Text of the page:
Czech Republic is considering the purchase of shares in one of the LNG terminals in the neighbouring country. The Polish LNG terminal in Świnoujście is being be considered. However, it would be necessary to expand the gas connections between Poland and the Czech Republic.
The Czech government led by the new prime minister Petr Fiala has published a comprehensive programme and work plan. Among the many demands is one in which we read that the new government in Prague is considering the purchase of shares in an LNG terminal in a neighbouring country. Thus, the Polish LNG terminal in Świnoujście or the Croatian floating LNG terminal on the island of Krk could come into play. Although the Czech Republic does not border on Croatia, the facility is relatively close to Czech Republic. The document states that the importance of natural gas as a transition fuel will increase in Czech Republic.
“However, the growing share of gas must not mean a geopolitical threat. We will try to acquire shares in an LNG terminal in a neighbouring country in order to have access to a larger volume of resources,” the document reads.
Może Cię zainteresować:
The Czechs had plans to import gas from the Polish LNG terminal back in 2016. The then-spokesman of the ministry of industry – Frantisek Kotrba – argued that after the expansion of the gas link between Poland and the Czech Republic there would be technical potential to transmit Polish LNG to Czech Republic.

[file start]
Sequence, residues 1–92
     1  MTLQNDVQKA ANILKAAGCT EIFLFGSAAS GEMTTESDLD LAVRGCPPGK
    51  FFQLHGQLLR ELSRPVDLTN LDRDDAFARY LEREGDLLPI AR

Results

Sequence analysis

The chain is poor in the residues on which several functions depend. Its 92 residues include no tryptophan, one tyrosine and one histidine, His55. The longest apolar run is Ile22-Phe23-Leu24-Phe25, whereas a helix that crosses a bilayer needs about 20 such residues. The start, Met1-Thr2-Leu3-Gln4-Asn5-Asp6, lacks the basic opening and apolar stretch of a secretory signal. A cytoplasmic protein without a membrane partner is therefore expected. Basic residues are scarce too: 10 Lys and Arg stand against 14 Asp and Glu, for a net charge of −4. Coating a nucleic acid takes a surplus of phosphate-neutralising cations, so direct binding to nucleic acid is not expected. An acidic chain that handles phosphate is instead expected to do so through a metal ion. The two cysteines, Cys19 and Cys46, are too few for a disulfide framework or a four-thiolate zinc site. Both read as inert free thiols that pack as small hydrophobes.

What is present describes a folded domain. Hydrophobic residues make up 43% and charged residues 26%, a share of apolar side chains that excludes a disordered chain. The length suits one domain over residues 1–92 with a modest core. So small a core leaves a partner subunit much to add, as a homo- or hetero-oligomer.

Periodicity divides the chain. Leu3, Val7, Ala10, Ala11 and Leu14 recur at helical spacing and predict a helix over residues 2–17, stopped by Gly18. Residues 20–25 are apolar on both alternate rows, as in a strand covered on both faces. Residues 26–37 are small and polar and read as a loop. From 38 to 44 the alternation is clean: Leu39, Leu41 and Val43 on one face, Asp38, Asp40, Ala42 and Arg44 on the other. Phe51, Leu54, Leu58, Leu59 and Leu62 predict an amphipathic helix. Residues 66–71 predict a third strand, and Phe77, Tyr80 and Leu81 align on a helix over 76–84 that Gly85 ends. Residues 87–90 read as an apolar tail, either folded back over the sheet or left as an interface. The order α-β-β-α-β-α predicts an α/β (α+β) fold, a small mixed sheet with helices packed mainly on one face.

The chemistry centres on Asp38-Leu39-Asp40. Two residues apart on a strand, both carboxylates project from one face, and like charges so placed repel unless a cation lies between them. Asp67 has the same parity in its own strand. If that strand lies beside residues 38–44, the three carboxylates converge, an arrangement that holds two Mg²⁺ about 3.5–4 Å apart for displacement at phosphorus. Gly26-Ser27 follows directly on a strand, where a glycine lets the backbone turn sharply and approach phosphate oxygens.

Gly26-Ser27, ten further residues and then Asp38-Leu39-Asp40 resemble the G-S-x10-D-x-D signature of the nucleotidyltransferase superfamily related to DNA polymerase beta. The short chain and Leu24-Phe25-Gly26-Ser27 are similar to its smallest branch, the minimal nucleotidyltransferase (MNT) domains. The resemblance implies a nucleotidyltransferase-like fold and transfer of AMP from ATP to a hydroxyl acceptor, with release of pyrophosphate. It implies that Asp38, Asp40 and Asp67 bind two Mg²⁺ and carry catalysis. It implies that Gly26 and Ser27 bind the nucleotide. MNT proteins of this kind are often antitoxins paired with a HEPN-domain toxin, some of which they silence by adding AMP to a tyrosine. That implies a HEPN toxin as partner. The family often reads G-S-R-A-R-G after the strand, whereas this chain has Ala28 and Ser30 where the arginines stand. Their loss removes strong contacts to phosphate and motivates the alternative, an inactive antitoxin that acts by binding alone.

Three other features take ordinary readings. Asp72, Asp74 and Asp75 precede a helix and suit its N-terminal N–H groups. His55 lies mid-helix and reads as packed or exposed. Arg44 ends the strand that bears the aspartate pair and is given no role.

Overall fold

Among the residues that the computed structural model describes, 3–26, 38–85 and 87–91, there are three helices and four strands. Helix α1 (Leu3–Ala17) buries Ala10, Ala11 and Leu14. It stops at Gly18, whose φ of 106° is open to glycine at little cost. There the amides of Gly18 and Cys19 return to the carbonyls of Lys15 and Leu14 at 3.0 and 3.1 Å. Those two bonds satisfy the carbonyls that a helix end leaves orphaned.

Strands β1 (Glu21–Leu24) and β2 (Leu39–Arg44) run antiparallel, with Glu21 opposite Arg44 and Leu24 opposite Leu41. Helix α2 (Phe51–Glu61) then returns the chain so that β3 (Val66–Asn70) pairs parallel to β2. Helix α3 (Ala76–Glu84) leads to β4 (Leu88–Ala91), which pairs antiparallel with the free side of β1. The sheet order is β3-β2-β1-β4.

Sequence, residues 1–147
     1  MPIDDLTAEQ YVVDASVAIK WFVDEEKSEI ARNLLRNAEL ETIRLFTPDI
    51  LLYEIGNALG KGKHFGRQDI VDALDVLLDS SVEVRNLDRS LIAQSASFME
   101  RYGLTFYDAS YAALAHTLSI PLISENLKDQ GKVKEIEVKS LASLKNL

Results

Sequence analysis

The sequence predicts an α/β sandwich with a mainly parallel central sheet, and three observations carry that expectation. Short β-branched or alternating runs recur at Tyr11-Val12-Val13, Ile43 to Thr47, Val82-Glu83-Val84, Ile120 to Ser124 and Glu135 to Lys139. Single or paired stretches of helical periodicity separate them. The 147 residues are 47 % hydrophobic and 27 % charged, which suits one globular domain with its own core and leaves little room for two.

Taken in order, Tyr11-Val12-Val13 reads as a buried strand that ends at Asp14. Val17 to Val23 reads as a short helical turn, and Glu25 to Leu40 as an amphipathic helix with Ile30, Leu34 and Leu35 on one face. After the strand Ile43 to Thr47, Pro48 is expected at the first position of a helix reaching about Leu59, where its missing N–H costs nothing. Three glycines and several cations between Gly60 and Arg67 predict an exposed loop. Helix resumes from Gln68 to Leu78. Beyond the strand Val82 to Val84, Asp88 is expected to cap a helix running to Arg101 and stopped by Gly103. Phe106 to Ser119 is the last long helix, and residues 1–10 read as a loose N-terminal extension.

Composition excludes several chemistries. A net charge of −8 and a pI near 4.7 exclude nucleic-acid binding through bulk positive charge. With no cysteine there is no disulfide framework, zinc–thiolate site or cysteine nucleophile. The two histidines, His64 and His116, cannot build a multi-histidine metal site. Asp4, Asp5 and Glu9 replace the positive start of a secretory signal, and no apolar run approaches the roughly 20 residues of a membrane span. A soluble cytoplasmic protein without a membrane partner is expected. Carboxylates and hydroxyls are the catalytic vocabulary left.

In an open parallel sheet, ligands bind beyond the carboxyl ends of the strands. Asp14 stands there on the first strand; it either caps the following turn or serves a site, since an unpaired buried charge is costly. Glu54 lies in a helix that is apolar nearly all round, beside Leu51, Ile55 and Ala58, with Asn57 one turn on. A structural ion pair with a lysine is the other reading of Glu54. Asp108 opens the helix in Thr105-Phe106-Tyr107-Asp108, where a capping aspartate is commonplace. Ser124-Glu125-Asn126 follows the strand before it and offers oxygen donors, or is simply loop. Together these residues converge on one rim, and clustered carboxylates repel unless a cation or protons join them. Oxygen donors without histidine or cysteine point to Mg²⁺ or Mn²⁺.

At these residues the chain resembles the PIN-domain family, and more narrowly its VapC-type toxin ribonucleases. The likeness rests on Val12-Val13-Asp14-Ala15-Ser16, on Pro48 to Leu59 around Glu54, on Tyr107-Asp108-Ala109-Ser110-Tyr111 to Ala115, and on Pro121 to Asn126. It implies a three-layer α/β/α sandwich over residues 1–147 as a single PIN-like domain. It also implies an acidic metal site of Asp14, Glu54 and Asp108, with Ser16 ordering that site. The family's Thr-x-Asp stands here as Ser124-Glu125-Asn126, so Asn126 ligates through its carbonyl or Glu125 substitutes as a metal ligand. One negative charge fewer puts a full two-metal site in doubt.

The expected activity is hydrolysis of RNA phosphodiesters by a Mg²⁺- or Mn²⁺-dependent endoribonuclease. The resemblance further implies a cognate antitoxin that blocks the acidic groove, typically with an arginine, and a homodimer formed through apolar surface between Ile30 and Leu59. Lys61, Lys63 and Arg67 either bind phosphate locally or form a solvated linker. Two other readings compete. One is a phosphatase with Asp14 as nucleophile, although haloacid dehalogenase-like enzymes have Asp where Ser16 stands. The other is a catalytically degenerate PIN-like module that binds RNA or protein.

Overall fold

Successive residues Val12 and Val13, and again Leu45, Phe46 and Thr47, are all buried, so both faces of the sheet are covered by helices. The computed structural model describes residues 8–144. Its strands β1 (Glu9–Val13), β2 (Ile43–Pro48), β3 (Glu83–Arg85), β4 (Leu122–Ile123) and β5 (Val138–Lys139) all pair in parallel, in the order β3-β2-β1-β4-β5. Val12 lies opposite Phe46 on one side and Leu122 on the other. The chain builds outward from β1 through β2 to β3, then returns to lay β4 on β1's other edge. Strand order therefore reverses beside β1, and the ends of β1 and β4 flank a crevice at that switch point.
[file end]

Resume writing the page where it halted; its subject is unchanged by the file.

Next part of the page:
Meanwhile, according to the investment plans of the Czech transmission system operator Net4Gas for the years 2021-30, the expansion of the gas connection between the two countries has been postponed for later years. Documents dated 2020 show that the Stork II interconnector project linking Czech Republic and Poland was shelved. This pipeline was to increase gas transport capacity, starting from 2023. The new gas link is to be smaller and built in a few years’ time, so that it will be operational between 2027 and 2028.
The Świnoujście terminal’s capacity is approximately 5 billion cubic metres per year. With the ongoing expansion, the facility will have a capacity of 6.2 bcm, and from 2024 – 8.3 bcm. Czech Republic consumes about 8.8 billion cubic metres of gas annually. They now import the material from Russia and Norway.